[Show abstract][Hide abstract] ABSTRACT: Abundant neurochemical, neuropathological, and genetic evidence suggests that a critical number of proinflammatory and innate immune system-associated factors are involved in the underlying pathological pathways that drive the sporadic Alzheimer's disease (AD) process. Most recently, a series of epigenetic factors - including a select family of inducible, proinflammatory, NF-κB-regulated small noncoding RNAs called miRNAs - have been shown to be significantly elevated in abundance in AD brain. These upregulated miRNAs appear to be instrumental in reshaping the human brain transcriptome. This reorganization of mRNA speciation and complexity in turn drives proinflammatory and pathogenic gene expression programs. The ensuing, progressively altered immune and inflammatory signaling patterns in AD brain support immunopathogenetic events and proinflammatory features of the AD phenotype. This report will briefly review what is known concerning NF-κB-inducible miRNAs that are significantly upregulated in AD-targeted anatomical regions of degenerating human brain cells and tissues. Quenching of NF-κB-sensitive inflammatory miRNA signaling using NF-κB-inhibitors such as the polyphenolic resveratrol analog trans-3,5,4'-trihydroxystilbene (CAY10512) may have some therapeutic value in reducing inflammatory neurodegeneration. Antagonism of NF-κB-inducing, and hence proinflammatory, epigenetic and environmental factors, such as the neurotrophic herpes simplex virus-1 and exposure to the potent neurotoxin aluminum, are briefly discussed. Early reports further indicate that miRNA neutralization employing anti-miRNA (antagomir) strategies may hold future promise in the clinical management of this insidious neurological disorder and expanding healthcare concern.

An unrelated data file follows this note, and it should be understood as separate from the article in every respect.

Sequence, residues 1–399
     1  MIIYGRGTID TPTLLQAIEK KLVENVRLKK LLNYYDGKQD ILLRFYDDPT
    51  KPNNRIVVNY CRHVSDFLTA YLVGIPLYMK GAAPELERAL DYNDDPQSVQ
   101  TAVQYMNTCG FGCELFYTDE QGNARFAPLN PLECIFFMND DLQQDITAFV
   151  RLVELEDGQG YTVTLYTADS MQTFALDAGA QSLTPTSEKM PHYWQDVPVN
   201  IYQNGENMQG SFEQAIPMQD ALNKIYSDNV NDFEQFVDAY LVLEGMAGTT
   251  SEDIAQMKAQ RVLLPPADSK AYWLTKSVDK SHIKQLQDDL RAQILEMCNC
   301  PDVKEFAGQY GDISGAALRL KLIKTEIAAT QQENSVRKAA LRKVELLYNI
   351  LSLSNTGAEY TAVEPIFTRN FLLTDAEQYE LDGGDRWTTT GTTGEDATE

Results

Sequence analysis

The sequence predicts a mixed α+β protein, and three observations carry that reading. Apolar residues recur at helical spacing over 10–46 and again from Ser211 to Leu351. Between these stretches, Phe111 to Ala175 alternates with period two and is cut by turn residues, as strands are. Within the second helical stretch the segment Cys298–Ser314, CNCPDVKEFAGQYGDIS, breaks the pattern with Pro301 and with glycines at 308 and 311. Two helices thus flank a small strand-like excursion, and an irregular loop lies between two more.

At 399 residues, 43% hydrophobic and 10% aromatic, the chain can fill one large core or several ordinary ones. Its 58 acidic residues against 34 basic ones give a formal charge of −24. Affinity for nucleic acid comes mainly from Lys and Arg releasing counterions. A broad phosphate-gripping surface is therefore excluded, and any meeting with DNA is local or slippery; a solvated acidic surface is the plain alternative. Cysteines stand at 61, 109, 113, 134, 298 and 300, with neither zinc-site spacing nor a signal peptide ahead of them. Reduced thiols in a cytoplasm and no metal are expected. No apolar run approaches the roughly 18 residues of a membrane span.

Alzheimer's Research and Therapy 12/2012; 4(6):47. DOI:10.1186/alzrt150 · 3.98 Impact Factor
"We recently demonstrated a novel pathogenic mechanism of AGEs, which contributes to Ab accumulation (Guglielmotto et al. 2010). In streptozotocin rats, as well as in SK-N-BE differentiated neuroblastoma cells, two different AGEs, pentosidine and glyceraldehyde derived pyridinium (GLAP), were able to up-regulate BACE1 expression through their binding with RAGE which is followed by a strong production of ROS and by an activation of the NF-jB pathway, which is a representative Neurotox Res transcription factor activated by RAGE (Granic et al. 2009). Moreover, NF-jB has been recently identified as a molecular intermediate involved in the Ab-mediated control of BACE1. "
[Show abstract][Hide abstract] ABSTRACT: Sequential endoproteolytic cleavages operated by the γ-secretase and the β-secretase (BACE1) on the β-amyloid precursor protein result in the production of the β-amyloid (Aβ) species, with two C-terminal variants, at residue 40 or at residue 42. Accumulation in brain tissue of aggregates of Aβ42 is the major pathogenetic event in Alzheimer's disease (AD). The causes of Aβ accumulation in the common sporadic form of AD are not completely understood, but they are likely to include oxidative stress (OS). Data reviewed here shed light on how Aβ generation, oxidative stress, and secretase functions are intimately related in sporadic AD. According to our hypothesis, in sporadic AD, OS resulted from several cellular insults such as aging, hypoxia, hyperglycemia, and hypercholesterolemia-that are well-known risk factors for AD development-can determine a primary induction of γ-secretase and BACE1. The loop proceeds with the generation of Aβ42 and its signaling to BACE1 transcription.
Neurotoxicity Research 10/2011; 22(3):208-19. DOI:10.1007/s12640-011-9283-6 · 3.54 Impact Factor